I'm J. Allan Dale, UK-based student illustrator, CFS sufferer, psychology & arthropod enthusiast. This is my collection of visual loot~ To skip everthing except my drawing & illustration, follow me here! Someday I might write a bit more about me.
An Indian woman, a Japanese woman, and a Syrian woman, all training to be doctors at Women’s Medical College of Philadelphia, 1880s. (Image courtesy Legacy Center, Drexel University College of Medicine Archives, Philadelphia, PA. Image #p0103) (x)
The Indian woman, Dr. Anandi Gopal Joshi, was the first Indian woman to earn a degree in Western medicine, and also believed to be the first Hindu woman to set foot on American soil.
The Japanese woman, Dr. Kei Okami, was the first Japanese woman to obtain a degree in Western Medicine.
The Syrian woman is Dr. Sabat Islambooly. Her name is spelled incorrectly on that photograph.
For those interested, here’s more information on other women of color who attended and graduated from Women’s Medical College of Philadelphia in the past, with a focus on the Japanese-American women they accepted during the US WW2 internment of Japanese-Americans.
This is so fucking badass I can’t even
A drawing running in today’s edition of The Washington Post, highlighting this weekend’s Awesome Con. The brief mentioned that this year’s Awesome Con was expected to break the Guinness World Record for most superhero cosplayers in one convention.
I had a lot of fun figuring out which superheroes to put in, and how to do it. Thanks to AD Allie Ghaman.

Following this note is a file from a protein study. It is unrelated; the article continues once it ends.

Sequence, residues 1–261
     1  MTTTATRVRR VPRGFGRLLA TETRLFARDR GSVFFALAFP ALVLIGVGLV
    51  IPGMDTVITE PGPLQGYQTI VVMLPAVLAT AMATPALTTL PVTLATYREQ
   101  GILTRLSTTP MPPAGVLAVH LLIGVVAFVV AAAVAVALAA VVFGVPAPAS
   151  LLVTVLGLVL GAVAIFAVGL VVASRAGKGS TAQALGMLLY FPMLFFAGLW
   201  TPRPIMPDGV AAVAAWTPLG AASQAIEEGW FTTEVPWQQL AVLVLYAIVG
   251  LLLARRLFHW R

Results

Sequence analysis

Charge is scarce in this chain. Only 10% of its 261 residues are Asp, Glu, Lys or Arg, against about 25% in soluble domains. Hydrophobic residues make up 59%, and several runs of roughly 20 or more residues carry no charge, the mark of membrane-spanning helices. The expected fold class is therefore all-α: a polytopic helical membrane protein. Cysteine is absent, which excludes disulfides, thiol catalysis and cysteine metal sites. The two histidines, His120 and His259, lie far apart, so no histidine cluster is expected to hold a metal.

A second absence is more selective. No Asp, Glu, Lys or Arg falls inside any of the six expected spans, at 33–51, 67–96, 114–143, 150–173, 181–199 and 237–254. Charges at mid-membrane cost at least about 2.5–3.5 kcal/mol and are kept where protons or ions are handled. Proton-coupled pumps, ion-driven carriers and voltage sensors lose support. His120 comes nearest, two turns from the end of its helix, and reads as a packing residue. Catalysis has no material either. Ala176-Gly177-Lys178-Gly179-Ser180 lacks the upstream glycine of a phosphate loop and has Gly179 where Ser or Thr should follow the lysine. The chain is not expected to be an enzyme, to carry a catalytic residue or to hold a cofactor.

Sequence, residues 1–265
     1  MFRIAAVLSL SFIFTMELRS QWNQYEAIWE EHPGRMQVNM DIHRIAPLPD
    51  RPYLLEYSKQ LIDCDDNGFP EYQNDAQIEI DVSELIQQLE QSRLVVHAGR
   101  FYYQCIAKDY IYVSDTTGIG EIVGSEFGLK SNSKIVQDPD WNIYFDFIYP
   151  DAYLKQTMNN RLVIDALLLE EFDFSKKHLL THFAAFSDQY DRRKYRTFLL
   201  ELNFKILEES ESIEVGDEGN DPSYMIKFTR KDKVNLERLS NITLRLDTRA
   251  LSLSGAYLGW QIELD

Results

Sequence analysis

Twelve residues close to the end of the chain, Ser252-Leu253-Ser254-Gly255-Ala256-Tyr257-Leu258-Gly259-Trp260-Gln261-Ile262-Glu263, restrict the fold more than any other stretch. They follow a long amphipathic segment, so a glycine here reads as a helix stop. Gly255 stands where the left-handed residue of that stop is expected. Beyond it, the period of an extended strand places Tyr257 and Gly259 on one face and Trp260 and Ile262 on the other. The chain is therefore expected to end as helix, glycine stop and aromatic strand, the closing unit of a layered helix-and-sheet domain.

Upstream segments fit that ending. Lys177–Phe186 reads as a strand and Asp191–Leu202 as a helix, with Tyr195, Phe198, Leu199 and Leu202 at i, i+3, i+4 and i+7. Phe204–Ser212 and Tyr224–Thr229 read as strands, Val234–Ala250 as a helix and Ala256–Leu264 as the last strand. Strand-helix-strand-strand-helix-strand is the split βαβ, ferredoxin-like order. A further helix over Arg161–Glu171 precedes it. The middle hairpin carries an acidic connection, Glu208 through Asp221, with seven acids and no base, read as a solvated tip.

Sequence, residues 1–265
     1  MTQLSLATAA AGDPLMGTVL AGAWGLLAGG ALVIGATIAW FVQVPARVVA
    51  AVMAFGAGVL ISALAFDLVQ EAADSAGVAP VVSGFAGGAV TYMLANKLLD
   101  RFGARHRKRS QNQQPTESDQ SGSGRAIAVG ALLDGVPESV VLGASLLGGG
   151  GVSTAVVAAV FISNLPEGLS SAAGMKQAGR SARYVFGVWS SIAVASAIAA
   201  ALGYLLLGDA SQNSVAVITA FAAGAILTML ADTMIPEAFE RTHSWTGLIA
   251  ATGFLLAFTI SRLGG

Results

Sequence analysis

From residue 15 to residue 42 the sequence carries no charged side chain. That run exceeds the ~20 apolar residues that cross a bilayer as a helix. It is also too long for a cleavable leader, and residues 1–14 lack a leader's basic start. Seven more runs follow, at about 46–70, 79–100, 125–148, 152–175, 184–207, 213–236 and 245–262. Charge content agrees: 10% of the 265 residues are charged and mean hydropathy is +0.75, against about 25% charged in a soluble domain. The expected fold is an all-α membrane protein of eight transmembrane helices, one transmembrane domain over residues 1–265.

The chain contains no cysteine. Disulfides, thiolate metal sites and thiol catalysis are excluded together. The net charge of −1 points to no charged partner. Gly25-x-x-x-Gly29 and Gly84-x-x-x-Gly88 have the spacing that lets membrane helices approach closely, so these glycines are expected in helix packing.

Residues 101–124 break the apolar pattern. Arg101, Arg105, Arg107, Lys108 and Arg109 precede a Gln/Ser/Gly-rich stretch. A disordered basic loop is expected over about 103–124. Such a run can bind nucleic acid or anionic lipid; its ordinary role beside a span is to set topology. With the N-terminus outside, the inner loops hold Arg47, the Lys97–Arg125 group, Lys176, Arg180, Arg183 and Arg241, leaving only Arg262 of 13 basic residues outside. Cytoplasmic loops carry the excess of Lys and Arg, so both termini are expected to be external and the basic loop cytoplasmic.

Forgotten secrets, and pure lard, in today’s page of Margo Maloo.
(via The Creepy Casefiles of Margo Maloo | Updates Tuesdays and Thursdays)
Sharing a binding
This is a clever book from the 18th century, printed in Oxford in 1756. It presents both the Old and New Testament, although the books are not bound together the regular way, behind one another. Instead, the binder opted to place them next to each other. This very rare binding technique is part of a family that includes the dos-à-dos (or “back to back”) binding, which I blogged about before (here). Having the two testaments bound this way allowed the reader to consult passages from both books at the same time. Indeed, the empty pages in the front and back are filled with notes, including in what looks like Greek and Hebrew. It appears this clever binding had a reader to match.
Pic: Manchester, Chetham’s Library (source).
Slow-mo dragonfly nymph labium (mask) in action. The actual strike only takes a fraction of a second. The labium is hydraulically activated by drawing in water, sealing the anal vent, and compressing the abdominal muscles. If the same action is performed with the anus open, the nymph will instead shoot forward on jet-propulsion, which it can use to escape predators or rapidly close in on prey.
Selected images from Twenty Thousand Leagues Under the Seas, by Jules Verne. Published by the Folio Society. You can buy it here.
One of the best part of being an illustrator, in my humble opinion, is reading books that you might not have otherwise. Given the modern-day representations, I think I was expecting some sort of pulpy adventure story (quite an anachronistic notion, given the book was written in 1869). In reality, it’s a scientific travelogue: very thoroughly observed and researched. There are also some very beautiful descriptions of foreign lands that, when you think about it, are no closer to most of us now than they were in 1869.
Other Folio Society books I have illustrated:
Goblin Market and Selected Poems - Christina Rosetti
Irish Myths and Legends - Lady Gregory